Marines Released from Hospital after HAZMAT Incident at Joint Base Myer

Engine 161’s crew evacuated and decontaminated 11 patients from the hazard area. Three were transported to an area hospital. Fort Myer Fire Department via Twitter
Engine 161’s crew evacuated and decontaminated 11 patients from the hazard area. Three were transported to an area hospital. Fort Myer Fire Department via Twitter

Three Marines have been sent home after a brief hospital stay following the discovery of an envelope containing an unknown substance at Joint Base Myer-Henderson Hall.

In all, 11 people reported symptoms of illness after the envelope was opened on the Marine Corps side of the Northern Virginia base around 3:30 p.m. Tuesday. The three Marines, who have not been identified, were transported to the hospital for further examination.

Lindsey Mastis, an anchor for the local News Channel 8, Tweeted that a corporal, gunnery sergeant and colonel reported symptoms including burning hands and face, and one individual experienced a nosebleed. That account has not been confirmed by officials.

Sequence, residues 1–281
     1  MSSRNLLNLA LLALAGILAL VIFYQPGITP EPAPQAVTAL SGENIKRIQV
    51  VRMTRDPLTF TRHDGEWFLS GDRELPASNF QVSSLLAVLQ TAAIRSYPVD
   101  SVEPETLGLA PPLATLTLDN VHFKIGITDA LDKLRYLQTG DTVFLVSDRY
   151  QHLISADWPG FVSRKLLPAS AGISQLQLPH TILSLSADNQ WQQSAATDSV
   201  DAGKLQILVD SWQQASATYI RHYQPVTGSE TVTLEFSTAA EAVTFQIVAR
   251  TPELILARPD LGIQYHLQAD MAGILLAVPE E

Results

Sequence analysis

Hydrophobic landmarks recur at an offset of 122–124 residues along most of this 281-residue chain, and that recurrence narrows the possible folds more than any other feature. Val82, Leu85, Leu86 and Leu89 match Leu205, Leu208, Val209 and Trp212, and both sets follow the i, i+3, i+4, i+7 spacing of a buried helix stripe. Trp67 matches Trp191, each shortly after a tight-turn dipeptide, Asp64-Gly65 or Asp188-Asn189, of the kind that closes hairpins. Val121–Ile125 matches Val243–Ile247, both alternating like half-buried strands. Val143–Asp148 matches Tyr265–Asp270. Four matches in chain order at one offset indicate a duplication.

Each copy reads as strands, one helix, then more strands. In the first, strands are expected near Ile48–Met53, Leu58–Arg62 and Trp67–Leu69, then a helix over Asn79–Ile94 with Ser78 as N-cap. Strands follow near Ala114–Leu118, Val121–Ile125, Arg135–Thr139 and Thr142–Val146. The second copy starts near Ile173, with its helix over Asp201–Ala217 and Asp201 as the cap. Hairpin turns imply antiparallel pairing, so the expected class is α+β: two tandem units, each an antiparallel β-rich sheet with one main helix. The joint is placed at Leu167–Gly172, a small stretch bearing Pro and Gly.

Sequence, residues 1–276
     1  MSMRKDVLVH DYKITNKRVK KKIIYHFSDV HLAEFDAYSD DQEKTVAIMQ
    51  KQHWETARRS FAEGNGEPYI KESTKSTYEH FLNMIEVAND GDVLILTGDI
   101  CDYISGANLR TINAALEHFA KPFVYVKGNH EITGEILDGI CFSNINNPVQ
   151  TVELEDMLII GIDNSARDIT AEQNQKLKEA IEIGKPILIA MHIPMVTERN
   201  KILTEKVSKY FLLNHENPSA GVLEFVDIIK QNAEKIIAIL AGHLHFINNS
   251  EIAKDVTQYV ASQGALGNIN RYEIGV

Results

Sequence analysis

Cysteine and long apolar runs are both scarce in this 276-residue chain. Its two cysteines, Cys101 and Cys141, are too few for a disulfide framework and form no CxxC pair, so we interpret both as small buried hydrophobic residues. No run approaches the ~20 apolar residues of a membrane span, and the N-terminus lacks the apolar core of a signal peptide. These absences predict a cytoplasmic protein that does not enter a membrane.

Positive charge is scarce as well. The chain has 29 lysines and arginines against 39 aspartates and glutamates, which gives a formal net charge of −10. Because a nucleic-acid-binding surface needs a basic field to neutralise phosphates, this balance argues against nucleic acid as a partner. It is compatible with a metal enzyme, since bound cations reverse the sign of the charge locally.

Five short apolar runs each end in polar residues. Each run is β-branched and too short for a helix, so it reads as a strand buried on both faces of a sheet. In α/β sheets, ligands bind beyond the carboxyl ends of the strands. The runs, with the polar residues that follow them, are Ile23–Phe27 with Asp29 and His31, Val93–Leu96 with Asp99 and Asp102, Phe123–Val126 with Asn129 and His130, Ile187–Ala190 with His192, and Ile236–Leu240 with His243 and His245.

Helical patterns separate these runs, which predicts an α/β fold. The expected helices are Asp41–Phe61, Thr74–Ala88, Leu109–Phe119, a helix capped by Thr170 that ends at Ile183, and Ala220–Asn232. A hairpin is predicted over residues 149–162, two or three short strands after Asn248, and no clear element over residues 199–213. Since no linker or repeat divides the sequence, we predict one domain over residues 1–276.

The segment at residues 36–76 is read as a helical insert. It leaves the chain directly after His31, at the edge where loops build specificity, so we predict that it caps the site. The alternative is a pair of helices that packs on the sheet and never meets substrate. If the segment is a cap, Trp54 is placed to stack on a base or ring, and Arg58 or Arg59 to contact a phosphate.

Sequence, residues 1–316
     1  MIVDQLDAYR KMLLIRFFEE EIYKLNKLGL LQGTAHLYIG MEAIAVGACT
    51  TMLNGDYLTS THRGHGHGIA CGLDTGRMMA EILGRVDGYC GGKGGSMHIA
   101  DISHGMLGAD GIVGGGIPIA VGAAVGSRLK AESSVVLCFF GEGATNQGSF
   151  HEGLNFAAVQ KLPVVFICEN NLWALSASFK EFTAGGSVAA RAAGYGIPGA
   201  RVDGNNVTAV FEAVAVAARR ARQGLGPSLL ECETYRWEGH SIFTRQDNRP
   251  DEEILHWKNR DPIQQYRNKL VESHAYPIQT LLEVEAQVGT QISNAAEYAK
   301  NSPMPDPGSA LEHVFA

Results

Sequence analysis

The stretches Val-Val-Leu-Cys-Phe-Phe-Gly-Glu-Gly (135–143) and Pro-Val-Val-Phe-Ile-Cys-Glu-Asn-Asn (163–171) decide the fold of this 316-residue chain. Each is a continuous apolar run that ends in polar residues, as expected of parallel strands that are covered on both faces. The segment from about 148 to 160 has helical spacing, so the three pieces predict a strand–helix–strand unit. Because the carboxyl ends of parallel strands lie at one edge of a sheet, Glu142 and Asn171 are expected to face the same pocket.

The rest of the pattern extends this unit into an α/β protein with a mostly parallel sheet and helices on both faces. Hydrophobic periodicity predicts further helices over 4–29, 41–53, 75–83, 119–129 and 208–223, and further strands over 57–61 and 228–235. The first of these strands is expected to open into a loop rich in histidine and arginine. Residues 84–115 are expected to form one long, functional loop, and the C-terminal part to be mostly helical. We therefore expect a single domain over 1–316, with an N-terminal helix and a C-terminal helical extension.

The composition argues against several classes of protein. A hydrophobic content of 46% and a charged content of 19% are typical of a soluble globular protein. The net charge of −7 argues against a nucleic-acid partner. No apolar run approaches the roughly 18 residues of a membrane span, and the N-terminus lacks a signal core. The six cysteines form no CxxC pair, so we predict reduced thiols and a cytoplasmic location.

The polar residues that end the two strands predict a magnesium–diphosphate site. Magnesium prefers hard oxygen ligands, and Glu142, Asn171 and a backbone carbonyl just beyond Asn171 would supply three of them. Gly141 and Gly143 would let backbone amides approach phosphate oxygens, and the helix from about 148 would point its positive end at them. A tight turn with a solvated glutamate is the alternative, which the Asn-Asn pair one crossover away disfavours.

The Marines were released around 10 p.m. Tuesday night, base officials said in a news release.

The joint base borders Arlington Cemetery and overlooks the Pentagon. It's home to a number of military ceremonial units and the U.S. Army Band.

According to Marine officials and emergency responders, the building was evacuated immediately after the envelope was discovered. HAZMAT procedures were initiated, and all 11 people participated in a decontamination process. The building itself was screened and cleared.

Naval Criminal Investigative Service is working with the FBI to investigate the incident, joint base officials said.

-- Hope Hodge Seck can be reached at hope.seck@military.com. Follow her on Twitter at @HopeSeck.

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